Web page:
Best telescopic rod for trout fishing

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Are telescopic rods any good for trout fishing

At all price points, telescopic rods are inferior to other rod designs. The vast majority of telescopic rods I consider to be junk. Such rods are not worth considering. It is a shame because the compactness of telescopic rods will be ideal for backcountry fishing.

In general, I suggest save your money and buy a multi-section travel rod instead. They take more time to assemble, but are much better quality for less money. There are a few diamonds among telescopic trout rods, and I will discuss them at the end of this article.

What makes a good telescopic rod

1. Floating guides

Most telescopic rods on the market today are not worth considering. The introduction of floating or sliding guide technology sometime in the last decade fixed one of the biggest downsides of telescopic rods. Floating guides allow manufacturers to increase the amount of guides on the rod. Previously with fixed guides, the number of guides is limited to the number of sections. But, now with floating guides the guide can float freely along the blank so compress tightly together when the rod is telescoped in. When extended, the guides get secured in place, resulting in a more efficient guide distribution.

2. High quality components

The next key feature to look for is high-quality components. Most often this is in the form of fuji guides and reel seats. Fuji guides use specially harden inserts which makes them extremely durable and the guide frames are strong and rigid meaning they are unlikely to bend out of sharp. Fuji’s are not the only high-quality guides available, but they are by the most well known and are found on the majority of high end rods.

3. High modular graphite blanks

Most telescopic rods use low modular graphite blanks, or even fibreglass blends. This does make for a more durable, but an extremely soft rod. Some manufacturers are now using much better quality blanks in their telescopic rods which gives them much improved rigidity.

Advantages of telescopic rod

There are a few advantages to telescopic rods, the biggest is convenience and ease of use. Telescopic rods retract down to extremely small sizes, even a 4-piece travel rod can not really compete. This makes them perfect to carry in a small backpack or kept in the back of the car.

Telescopic rods are also very fast to set up and fish. To assemble a four piece travel rod can be quite time-consuming, and this eats away at potential fishing time. If you only want to have half a dozen quick casts it might not be worth spending five or ten minutes to assemble a four piece rod.

On the other hand, telescopic rods can stay rigged even when assembled. There is no need to remove the reel, unthread the line and remove the lure. Just retract the rod while winding in any excess line and everything is in a tight and compact package. Properly designed carry cases, usually ones with two zips can be secured around telescopic rods with the reel still attached.

Arguments against telescopic rods

Too few and poor spacing of guides

Their telescopic design means the guide placement is far from optimal, usually awkwardly spaced and not enough for smooth line distribution. This results in a poor distribution of load both when casting or fighting a fish. This makes accurate, and precise casts difficult. Sometimes the line even rubs against the blank, although that is more an issue for overhead rather than spinning reels.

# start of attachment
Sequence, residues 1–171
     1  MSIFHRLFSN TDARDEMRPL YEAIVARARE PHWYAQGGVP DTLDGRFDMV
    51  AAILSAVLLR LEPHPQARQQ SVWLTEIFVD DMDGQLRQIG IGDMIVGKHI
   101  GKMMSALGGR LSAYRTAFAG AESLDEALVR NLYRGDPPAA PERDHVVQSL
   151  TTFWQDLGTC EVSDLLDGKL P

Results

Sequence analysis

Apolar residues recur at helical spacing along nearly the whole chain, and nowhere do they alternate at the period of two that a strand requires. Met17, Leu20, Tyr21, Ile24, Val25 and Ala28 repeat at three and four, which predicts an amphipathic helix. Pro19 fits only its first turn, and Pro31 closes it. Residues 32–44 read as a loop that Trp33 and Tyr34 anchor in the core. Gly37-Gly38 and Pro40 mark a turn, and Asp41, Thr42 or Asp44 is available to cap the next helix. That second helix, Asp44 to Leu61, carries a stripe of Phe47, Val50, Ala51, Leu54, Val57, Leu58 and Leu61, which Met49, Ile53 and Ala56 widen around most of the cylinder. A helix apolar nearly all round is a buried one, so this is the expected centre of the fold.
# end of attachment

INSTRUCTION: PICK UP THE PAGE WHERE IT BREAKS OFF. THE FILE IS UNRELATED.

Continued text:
Very soft often parabolic action

Telescopic rods, even most high modular graphite ones have very soft actions. I like soft rods, they can be extremely sensitive and allow for delicate presentations. But telescopic rods take this action to an extreme. Many are truly parabolic. They have backbones resembling soggy noodles. Precise casts are difficult, and really only suitable for flicking heavy lures.

Most Telescopic rods are not durability

With time, the sections also tend to seize together, maybe due to sand or other containments getting caught in the mechanisms.

The rod blank itself also seems to be less durable. I have had telescopic rods break when fighting large fish, despite the drag being set well within the weight class of the rod. I suspect because the blank needs to be hollow enough to allow each section to telescopic inside they simply lack the thickness of material shared by traditional rods.

My recommendation’s for best Telescopic Rods for trout and other panfish.

At any price point, traditional rods still outperform even the best telescopic rods, but for anglers who need the compact nature and quick assembly time telescopic rods are worth considering. The following rods really stand out from the crowd.

The DAIWA B.B.B 6106TMLFS is one of best regarded telescopic rods. It is excellent for targeting trout and other panfish. The Daiwa B.B.B does not come cheap costing around $200. For the money you get a rod which actually fishes and performs well. The guides are well positioned, and the backbone contains nice rigidity. It is rated to cast lures between 1/14 oz to 1/2 oz. It comes with a cushioned carry casts and it is small enough to carry in most packs. The B.B.B can be difficult to find in North America because it is primarily sold in Japan. Many of the best telescopic rods are exclusive to the Japanese market so can be difficult to find elsewhere. Luckily, due to its popularity the B.B.B can usually be found on Amazon or Ebay.

If the B.B.B is out of your price bracket, the KastKing Blackhawk II is the best affordable telescopic rod I know about. There is a step down in quality, but unlike most telescopic rods in the price bracket it comes with sliding guides. The quality of the guides are a bit more fragile and the blank is slightly softer but overall it is decent for telescopic rods.

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